2015: Big year for Labour’s Northern women

In a year’s time Yvette Cooper or Rachel Reeves could be leader of the Labour Party or hold a senior post in government.

These two women, representing Yorkshire seats, head up an impressive cohort of northern Labour women

MPs ready to take office if the party wins (a big if by the way). This pool of female talent is a direct result of the introduction of all women Labour short lists for the 1997 General Election. The women elected then are now in key positions in Ed Miliband’s team. The fact that the Tories and Lib Dems have not favoured this system of affirmative action leaves them woefully short of good female representation in the North.

I continue to believe that the economic recovery and the irresponsible promise of an in/out referendum on our European Union membership will make the Conservatives the largest party next May. However UKIP will act as a drag on the ability of the Tories to win. So we must contemplate the possibility of Ed Miliband winning or being in a position to form a government with the remnants of the Liberal Democrats.

If that is the outcome of the General Election, who are the Northern Labour women who will be governing the country for the second half of this decade? Two of them represent nearly adjacent seats in Yorkshire. Shadow Home Secretary Yvette Cooper sits for Normanton, Pontefract and Castleford and the Shadow Work and Pensions Secretary Rachel Reeves represents Leeds West. Both could be contenders for Ed Miliband’s job one day but for now they are the most prominent of the new generation of Labour frontbenchers.

Yvette Cooper has 13 years more experience in parliament than Rachel Reeves and held key posts under Gordon Brown as Housing Minister, Chief Secretary to the Treasury and finally Secretary of State for Work and Pensions. She might have become party leader in 2010 but stood aside for her husband, now Shadow Chancellor, Ed Balls. She could regret that decision if another leadership election arises next year and the party wants to make a clean break with the past.

We know Rachel Reeves well at Downtown in Business as a regular attender of our seminars. A Bank of England economist, she supported Ed Miliband’s bid for the leadership and has held a number of key posts in his team including Shadow Chief Secretary to the Treasury. She is a credible future Chancellor. She emerged well from a spat with the editor of Newsnight who called her boring. That was wrong, but she comes over as very serious and needs to lighten up a bit.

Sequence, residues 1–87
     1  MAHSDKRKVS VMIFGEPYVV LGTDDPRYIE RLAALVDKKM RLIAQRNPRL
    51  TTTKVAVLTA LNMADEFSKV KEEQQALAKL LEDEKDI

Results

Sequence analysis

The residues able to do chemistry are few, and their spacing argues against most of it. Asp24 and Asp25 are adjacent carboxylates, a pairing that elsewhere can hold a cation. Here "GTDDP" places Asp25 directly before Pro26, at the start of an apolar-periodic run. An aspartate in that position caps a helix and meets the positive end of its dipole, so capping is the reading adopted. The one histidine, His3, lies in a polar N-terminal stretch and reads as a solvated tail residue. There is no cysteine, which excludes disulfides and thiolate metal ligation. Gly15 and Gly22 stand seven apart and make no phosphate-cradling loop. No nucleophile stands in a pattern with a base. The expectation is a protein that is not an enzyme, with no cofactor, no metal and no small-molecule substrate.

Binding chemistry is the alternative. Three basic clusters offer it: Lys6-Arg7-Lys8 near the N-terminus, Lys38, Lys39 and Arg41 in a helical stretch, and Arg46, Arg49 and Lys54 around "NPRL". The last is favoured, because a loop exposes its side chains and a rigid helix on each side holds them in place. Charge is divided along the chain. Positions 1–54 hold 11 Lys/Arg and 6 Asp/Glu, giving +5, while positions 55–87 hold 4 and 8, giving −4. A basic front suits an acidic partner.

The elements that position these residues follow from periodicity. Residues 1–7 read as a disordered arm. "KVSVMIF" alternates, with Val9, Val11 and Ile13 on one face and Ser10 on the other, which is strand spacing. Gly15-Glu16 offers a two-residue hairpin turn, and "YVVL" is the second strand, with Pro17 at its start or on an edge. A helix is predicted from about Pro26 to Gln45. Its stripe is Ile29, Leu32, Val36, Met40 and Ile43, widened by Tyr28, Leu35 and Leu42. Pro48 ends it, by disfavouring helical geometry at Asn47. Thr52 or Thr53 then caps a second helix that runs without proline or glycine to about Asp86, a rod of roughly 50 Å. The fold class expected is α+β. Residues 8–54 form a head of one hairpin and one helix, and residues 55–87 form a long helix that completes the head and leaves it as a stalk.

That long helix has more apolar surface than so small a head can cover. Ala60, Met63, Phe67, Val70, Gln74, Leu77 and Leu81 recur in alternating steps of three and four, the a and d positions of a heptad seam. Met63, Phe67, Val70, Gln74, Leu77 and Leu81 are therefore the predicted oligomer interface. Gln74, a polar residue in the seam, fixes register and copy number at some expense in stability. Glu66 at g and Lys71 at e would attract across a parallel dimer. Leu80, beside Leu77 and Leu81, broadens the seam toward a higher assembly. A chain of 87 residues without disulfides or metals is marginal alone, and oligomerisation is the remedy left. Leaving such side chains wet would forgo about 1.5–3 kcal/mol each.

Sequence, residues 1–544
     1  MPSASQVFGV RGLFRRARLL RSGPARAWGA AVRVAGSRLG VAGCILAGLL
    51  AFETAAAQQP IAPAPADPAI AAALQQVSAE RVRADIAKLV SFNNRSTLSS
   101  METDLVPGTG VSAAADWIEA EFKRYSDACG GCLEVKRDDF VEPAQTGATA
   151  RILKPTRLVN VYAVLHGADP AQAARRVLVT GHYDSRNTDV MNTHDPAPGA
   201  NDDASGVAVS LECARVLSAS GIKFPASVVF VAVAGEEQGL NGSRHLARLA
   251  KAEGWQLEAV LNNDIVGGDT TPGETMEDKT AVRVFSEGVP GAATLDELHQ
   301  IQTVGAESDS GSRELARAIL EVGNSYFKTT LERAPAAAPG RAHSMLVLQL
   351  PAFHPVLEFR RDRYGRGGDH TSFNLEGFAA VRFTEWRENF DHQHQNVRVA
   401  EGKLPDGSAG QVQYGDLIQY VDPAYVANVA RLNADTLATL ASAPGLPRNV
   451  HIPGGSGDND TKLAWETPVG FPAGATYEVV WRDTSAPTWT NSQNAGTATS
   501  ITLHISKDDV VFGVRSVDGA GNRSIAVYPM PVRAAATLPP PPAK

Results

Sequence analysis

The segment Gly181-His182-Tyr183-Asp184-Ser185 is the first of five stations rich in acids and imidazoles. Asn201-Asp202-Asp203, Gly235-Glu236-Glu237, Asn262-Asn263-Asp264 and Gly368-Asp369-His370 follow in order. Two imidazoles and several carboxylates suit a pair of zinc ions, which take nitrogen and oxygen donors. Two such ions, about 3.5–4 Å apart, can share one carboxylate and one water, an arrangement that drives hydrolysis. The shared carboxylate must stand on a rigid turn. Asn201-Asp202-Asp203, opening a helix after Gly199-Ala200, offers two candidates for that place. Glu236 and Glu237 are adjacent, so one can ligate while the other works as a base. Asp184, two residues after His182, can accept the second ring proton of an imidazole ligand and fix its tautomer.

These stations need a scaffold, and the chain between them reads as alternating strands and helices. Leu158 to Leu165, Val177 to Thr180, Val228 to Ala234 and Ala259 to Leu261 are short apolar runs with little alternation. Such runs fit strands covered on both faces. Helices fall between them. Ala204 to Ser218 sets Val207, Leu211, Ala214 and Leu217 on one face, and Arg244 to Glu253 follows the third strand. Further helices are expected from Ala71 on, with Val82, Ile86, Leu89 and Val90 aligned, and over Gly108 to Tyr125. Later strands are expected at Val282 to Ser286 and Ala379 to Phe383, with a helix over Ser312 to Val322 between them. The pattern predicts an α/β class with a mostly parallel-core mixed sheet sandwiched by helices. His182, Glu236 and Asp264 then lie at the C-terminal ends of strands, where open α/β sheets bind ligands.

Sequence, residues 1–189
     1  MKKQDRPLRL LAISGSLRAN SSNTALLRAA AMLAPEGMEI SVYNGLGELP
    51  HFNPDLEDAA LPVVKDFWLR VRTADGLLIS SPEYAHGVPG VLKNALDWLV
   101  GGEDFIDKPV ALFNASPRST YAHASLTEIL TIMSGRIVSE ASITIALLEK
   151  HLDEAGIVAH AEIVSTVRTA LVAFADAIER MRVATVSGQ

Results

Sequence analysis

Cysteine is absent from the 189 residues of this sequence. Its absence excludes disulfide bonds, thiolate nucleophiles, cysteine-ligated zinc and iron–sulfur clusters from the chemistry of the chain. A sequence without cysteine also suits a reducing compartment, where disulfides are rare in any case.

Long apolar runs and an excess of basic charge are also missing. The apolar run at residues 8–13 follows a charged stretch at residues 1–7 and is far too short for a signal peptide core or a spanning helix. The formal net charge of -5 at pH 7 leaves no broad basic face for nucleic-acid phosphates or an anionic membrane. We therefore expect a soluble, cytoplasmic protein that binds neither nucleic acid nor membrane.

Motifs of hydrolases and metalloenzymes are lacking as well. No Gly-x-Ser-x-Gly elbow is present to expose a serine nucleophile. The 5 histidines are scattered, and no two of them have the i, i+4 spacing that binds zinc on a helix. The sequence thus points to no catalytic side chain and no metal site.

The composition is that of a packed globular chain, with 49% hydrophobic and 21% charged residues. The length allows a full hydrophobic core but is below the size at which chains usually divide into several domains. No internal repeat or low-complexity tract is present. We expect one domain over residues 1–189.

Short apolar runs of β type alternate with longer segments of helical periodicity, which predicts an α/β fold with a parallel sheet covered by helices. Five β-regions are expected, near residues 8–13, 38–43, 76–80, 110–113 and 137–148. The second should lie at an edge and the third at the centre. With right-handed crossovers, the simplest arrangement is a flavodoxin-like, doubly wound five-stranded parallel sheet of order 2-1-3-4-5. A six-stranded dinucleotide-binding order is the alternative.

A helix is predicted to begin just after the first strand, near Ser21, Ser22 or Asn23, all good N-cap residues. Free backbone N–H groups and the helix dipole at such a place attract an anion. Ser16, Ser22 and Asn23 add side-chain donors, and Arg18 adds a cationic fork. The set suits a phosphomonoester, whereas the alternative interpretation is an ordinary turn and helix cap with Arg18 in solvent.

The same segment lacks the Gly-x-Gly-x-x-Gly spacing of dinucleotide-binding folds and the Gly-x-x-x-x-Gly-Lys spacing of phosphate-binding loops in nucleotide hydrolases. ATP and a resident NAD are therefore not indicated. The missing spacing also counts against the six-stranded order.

In the North West there are a host of women contenders to be part of a Labour administration. The Eagle twins continue to serve in the Shadow Cabinet. Angela (Wallasey) is Shadow Leader of the House and her jousts with her opposite number William Hague should be a highlight this autumn. Maria Eagle was damaged by a row with Ed Balls over HS2 and was moved from the Transport portfolio to Environment.

Lucy Powell (Manchester Central) has only been an MP for two years but is already part of Labour’s education team and is tipped for ministerial office. Other Labour women to watch are Luciana Berger (Liverpool Wavertree) Kate Green (Stretford) and Lisa Nandy (Wigan).

On the Tory side Esther McVey is the bright star in a dull sky of maleness in the North. Appointed Jobs Minister in the recent reshuffle, it can only be a matter of time before this former Liverpool business woman becomes a full Cabinet Member. In the House of Lords watch for continued promotion for Baroness Williams, the former leader of Trafford Council.

The Lib Dems have always agonised over affirmative action to promote women candidates because of its conflict with the freedom of party members to choose the “best” person. The result is that there are no women Lib Dem MPs in the North that I can see playing a leading role in the party in the near future. Lisa Smart has been chosen to try and hold Hazel Grove but she is subject to sniping for not being local.

On the European front the North West continues to be ably represented by Tory Jacqueline Foster. She has a feisty reputation but will face competition from UKIP’s newly elected MEP Louise Bours.

So a rather unbalanced picture of women politicians to watch out for in the North. It is an issue that the Conservatives and Lib Dems need to address urgently.

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